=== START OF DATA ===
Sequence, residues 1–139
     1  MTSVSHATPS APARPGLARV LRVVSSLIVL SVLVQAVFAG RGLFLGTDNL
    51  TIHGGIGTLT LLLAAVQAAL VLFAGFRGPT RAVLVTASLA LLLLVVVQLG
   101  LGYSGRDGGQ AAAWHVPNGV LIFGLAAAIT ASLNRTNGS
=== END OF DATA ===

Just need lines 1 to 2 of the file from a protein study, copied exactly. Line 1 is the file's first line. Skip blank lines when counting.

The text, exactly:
Sequence, residues 1–139
     1  MTSVSHATPS APARPGLARV LRVVSSLIVL SVLVQAVFAG RGLFLGTDNL